Forest Hills community leaders recently joined the Queens Economic Development Corporation in unveiling a new mural that pays tribute to Helen Keller, a former resident who defeated extraordinary odds to become an inspirational civil rights activist, educator, and author.
Located on the west wall of the LIRR’s Ascan Avenue overpass, the painting features images of Keller along with her most famous quote: “The only thing worse than being blind is having sight but no vision.”
Funding for the $6,500 arts initiative was secured by Rego-Forest Preservation Council Chairman Michael Perlman through the QEDC, City Councilwoman Karen Koslowitz (D-Forest Hills), and local retailers.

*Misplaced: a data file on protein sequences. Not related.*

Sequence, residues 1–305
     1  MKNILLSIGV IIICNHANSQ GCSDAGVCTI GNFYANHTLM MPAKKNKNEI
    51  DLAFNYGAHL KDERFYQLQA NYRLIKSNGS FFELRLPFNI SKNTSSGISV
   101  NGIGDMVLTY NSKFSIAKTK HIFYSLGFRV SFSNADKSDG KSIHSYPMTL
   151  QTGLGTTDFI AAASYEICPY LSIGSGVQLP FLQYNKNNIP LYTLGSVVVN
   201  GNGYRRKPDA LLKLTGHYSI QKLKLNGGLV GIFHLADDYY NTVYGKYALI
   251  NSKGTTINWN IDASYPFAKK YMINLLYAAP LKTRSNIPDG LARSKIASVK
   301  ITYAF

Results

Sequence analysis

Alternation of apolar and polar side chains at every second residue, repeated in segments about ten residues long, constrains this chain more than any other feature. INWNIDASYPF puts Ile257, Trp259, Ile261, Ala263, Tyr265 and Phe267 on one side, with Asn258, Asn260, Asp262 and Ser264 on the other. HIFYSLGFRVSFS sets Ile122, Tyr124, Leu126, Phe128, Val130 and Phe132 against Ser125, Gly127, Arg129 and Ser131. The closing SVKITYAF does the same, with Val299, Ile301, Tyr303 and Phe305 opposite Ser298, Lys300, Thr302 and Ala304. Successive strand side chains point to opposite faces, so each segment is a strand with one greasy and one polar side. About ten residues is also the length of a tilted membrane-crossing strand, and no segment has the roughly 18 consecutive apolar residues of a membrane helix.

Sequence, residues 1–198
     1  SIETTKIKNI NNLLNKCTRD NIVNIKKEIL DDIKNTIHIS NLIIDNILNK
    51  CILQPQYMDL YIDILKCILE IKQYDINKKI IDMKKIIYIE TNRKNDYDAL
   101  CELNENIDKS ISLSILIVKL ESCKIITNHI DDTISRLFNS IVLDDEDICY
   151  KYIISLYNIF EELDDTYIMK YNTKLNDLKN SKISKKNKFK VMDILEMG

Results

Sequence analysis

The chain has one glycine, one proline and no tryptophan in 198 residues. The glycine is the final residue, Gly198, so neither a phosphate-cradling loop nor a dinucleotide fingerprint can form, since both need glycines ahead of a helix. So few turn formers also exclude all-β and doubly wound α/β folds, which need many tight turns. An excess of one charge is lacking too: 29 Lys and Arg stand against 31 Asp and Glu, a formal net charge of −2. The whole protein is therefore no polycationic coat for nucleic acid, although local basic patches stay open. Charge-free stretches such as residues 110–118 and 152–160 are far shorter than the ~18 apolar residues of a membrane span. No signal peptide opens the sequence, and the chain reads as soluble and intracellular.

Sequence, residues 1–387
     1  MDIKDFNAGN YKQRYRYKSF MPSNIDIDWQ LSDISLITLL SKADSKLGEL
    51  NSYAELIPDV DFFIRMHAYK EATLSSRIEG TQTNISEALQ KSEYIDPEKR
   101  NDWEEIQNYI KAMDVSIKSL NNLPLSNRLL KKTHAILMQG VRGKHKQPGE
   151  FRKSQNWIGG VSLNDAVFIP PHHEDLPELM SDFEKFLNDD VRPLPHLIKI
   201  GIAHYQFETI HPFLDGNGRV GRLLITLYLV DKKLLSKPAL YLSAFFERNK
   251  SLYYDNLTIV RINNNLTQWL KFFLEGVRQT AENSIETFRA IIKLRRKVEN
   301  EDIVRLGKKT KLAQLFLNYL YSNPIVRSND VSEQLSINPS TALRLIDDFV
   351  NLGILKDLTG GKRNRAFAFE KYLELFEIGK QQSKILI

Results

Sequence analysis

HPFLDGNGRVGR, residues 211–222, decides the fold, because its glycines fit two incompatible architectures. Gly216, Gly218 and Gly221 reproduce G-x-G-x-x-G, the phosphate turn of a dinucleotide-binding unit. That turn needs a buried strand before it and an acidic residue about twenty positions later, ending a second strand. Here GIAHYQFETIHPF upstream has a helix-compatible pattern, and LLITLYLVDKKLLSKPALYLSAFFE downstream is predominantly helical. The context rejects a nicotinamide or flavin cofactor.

From 1917 to 1938, Keller lived in a house on the corner of 112th Street and 71st Road. Though blind and deaf since infancy due to scarlet fever, she learned Braille and lip-reading. At age 24, Keller became the first deaf-blind person to receive a bachelor of arts degree from Radcliffe College. From there, she became a women’s suffragette, disability activist, author, and lecturer on the way to being inducted into the National Women’s Hall of Fame.
In the photo (l. to r.): QEDC Deputy Director Ricardi Calixte, QEDC Executive Director Seth Bornstein,
Michael Perlman, and his mother, Linda Perlman.
Photo Courtesy of QEDC